And here's the key: with Will McClay on board, the Cowboys front office has a man who does the work of a traditional general manager, even if he doesn't hold the title. Every front office needs a "grinder" at the helm, a man who is relentless in his pursuit of building a roster, even if by the most incremental talent gains. If that man also serves as a conduit between the coaches, ownership group and scouting departments, all the better. In McClay, the Cowboys have that man.
Having that guy, I would argue, is the key to the entire operation. When coaches and scouts are at odds, or the people in the front office operate according to different agendas, it's difficult, if not impossible, to adhere to the principles that characterize winning organizations. So, to the above rubric, we can add categories such as "shared vision," "communication," and "collegiality" as keys to successful front offices.
With this in mind, I'd like to direct your attention to a recent Grantland article on the Redskins' relatively quiet offseason. The gist of the piece is that the old Redskins would have mortgaged the future to sign big-name stars such as Ndamukong Suh and/ or Darrelle Revis, whereas in 2015 they have made only a few prudent purchases. This behavioral change
...coincides with the January arrival of general manager Scot McCloughan, who is quickly blazing a trail similar to the one that led him to success on each of his previous NFL stops. McCloughan earned Super Bowl rings with the 1996 Packers and 2013 Seahawks; in between, he built the core of a 49ers squad that would eventually make three consecutive conference title games.
As the article's author, Jason Bailey, writes in a line that I'll have to save to use again, the 'Skins are "finally learning that there is a very good reason to buy generic medicine at the pharmacy: You get the same ingredients while not paying a premium for marketing." Nice analogy, that.
My takeaway from this article is that the Redskins, and owner Dan Snyder, are learning the same lessons the Cowboys have learned: there is absolutely no correlation between garnering headlines in March and garnering them in late December and January. Rather, a patient, sober, rational approach - all guided by a coherent plan - is what allows the victories to pile up, year after year.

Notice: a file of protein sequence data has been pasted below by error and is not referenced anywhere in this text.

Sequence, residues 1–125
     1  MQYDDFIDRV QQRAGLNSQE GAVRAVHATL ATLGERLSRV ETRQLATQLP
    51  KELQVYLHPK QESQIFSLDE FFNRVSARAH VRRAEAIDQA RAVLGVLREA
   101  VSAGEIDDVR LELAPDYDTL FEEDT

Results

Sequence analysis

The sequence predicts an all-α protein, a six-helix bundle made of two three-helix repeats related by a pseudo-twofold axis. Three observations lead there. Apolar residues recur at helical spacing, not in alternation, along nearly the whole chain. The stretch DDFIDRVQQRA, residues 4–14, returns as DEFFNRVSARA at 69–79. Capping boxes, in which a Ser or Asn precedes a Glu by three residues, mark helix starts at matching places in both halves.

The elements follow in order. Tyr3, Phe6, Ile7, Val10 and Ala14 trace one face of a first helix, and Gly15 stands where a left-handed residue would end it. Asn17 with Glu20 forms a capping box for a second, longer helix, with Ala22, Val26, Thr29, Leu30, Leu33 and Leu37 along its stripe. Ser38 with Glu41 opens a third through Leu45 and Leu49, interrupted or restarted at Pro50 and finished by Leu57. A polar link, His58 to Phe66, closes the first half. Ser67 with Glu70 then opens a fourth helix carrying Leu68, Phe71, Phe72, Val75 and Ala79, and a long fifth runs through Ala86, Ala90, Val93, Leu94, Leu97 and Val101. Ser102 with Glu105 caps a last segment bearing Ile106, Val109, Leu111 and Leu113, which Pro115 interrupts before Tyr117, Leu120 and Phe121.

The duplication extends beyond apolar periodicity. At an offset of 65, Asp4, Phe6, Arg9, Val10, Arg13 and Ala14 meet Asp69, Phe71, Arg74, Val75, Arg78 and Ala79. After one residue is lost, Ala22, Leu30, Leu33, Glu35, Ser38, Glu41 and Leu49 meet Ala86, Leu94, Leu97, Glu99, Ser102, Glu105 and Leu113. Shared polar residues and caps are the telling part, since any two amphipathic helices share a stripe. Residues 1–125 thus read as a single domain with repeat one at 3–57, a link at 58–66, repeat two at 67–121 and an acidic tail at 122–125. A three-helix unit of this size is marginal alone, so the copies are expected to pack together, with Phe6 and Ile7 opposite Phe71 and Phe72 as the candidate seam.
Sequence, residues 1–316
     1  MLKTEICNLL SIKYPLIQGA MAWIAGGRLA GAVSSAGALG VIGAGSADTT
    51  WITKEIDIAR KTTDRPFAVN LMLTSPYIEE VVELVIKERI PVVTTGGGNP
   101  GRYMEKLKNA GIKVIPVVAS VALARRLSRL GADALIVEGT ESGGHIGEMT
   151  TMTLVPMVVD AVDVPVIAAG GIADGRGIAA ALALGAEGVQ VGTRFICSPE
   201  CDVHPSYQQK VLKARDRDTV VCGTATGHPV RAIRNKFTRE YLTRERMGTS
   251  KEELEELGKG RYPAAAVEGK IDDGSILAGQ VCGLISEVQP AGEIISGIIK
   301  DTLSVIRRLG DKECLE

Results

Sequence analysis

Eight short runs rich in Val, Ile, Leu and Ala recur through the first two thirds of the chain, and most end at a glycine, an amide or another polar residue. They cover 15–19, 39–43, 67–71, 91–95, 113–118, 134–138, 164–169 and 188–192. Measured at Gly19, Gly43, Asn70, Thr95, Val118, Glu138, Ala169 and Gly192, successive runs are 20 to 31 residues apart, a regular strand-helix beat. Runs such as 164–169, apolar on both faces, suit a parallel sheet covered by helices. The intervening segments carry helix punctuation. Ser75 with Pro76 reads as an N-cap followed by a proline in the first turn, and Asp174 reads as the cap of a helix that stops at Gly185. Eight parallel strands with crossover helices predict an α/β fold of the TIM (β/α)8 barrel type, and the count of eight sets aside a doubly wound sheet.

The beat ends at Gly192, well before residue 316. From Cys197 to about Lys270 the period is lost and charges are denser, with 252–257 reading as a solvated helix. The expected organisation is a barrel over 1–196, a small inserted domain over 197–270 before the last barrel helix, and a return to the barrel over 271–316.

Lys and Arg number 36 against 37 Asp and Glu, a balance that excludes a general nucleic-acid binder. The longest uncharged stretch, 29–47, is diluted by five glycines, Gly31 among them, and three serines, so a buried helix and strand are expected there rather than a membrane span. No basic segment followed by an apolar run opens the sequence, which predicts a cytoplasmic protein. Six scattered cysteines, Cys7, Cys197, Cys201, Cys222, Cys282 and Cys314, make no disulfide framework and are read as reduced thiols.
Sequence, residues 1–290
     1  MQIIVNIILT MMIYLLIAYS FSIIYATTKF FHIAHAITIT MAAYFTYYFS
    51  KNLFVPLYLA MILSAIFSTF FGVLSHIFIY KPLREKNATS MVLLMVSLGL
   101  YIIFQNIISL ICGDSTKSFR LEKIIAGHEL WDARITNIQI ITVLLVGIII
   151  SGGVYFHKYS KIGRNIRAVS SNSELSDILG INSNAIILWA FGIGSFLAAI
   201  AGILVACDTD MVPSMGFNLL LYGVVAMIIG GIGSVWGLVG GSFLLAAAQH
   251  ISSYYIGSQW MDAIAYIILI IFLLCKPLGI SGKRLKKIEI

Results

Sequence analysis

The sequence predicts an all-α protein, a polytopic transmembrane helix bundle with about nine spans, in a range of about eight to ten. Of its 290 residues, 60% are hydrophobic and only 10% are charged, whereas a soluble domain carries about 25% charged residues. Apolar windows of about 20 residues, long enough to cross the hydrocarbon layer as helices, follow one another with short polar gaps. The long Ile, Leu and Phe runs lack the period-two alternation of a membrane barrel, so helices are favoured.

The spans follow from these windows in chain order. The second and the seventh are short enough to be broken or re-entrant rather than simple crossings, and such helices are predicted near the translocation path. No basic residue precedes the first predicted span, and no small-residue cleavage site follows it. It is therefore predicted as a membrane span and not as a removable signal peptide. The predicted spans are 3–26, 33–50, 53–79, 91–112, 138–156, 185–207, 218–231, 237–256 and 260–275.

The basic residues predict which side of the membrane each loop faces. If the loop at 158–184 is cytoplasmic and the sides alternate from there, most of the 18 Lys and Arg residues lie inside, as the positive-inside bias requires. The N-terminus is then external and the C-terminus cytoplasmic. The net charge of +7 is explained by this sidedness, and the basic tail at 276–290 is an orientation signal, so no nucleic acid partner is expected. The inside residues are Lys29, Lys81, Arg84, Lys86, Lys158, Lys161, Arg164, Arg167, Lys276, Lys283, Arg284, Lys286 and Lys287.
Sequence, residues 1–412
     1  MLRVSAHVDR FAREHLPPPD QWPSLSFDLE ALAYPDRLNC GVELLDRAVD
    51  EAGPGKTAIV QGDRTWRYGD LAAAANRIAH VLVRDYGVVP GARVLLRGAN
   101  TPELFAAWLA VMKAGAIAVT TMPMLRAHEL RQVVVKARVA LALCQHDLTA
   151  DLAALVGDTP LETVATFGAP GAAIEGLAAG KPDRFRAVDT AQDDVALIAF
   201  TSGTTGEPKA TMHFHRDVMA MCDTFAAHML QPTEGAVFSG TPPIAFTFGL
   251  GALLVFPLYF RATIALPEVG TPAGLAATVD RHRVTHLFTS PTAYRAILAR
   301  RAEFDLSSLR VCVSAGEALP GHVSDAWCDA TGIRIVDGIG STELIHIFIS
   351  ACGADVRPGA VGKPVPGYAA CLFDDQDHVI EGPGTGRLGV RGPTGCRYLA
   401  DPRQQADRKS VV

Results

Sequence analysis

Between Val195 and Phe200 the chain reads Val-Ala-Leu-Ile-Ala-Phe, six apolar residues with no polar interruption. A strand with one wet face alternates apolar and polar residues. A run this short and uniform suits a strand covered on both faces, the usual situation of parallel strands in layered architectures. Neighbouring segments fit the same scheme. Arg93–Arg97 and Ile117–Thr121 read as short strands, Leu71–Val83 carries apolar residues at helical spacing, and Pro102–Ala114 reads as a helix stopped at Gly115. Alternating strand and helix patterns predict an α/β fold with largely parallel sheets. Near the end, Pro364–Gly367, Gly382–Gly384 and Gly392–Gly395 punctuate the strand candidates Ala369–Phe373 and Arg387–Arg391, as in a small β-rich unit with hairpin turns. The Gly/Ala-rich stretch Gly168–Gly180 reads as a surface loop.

After reading Baily's piece and reading, listening, and watching Philadelphia not only behave like the pre-McCloughan Redskins but fail to learn the harsh lessons brought by the 2011 offseason, when a free agency spending spree (cough, "dream team," cough) bought them eight- and four-win seasons and Andy Reid's subsequent dismisssal, I wondered: how might we rank the four division front offices? If we allow history to be our judge (and by this I don't mean each team's recent history but the established history of the way consistent winning franchises operate), I think it would be something like this:
1. Cowboys: They have been operating this way for four seasons now, and have slowly rebuilt the roster using these tenets. Over that time, they have begun to behave soberly, hold to their principles, and have drafted well.
2. Giants: They have enjoyed tremendous organizational stability, with the same basic philosophy, coach, GM and owner since 2007 - the same year that the Giants had a draft for the ages and won the Super Bowl. If only they had drafted a bit better in the years since then they wouldn't have to spend quite so much in free agency, and...
3. Redskins: With a bullet. I almost ranked them ahead of the Giants, but it remains to be seen whether Dan Snyder has the patience for the kind of deliberate roster building that McCloughin will favor. I do believe in McCloughin, however, and as long as he's in Washington, the Redskins have the front office that we should fear most.
4. Eagles: Sure, Chip Kelly's scouting genius may prove to match the level of his offensive innovation. But the early returns aren't good, and the Eagles have behaved this offseason precisely the way bad teams historically do: overpaying for good but not great players, waving a dismissive hand at cap realities, and trading away draft assets.
There you have it folks, Ol' Rabble's assessment of the NFC East's front offices. Agree? Disagree? Then go to the comments section and let your voice be heard!